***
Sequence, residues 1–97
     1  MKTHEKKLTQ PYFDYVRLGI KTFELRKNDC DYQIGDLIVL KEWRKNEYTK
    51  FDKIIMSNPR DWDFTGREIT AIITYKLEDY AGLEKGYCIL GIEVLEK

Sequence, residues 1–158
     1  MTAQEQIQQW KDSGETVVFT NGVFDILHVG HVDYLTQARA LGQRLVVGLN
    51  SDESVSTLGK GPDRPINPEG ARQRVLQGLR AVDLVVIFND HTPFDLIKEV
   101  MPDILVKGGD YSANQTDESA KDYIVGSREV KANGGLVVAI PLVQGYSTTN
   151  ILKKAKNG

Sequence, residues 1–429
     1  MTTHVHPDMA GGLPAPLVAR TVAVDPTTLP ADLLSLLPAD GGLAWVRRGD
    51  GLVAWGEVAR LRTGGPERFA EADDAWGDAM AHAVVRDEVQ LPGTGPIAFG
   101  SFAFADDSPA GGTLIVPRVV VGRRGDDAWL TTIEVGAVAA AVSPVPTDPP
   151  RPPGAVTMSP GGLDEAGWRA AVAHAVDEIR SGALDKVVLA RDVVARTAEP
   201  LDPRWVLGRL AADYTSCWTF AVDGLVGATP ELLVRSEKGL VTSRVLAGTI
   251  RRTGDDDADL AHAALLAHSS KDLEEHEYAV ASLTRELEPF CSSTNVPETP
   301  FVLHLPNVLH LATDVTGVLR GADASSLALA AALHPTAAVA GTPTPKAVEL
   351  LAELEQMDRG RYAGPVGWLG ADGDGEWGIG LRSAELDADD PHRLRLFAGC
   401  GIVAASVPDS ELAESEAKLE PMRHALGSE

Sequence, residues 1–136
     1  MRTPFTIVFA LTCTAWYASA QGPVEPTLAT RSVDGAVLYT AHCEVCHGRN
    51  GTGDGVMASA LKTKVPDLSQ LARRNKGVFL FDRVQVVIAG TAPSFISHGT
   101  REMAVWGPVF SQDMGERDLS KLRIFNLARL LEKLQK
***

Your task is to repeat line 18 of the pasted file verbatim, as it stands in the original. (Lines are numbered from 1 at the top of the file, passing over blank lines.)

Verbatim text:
   401  GIVAASVPDS ELAESEAKLE PMRHALGSE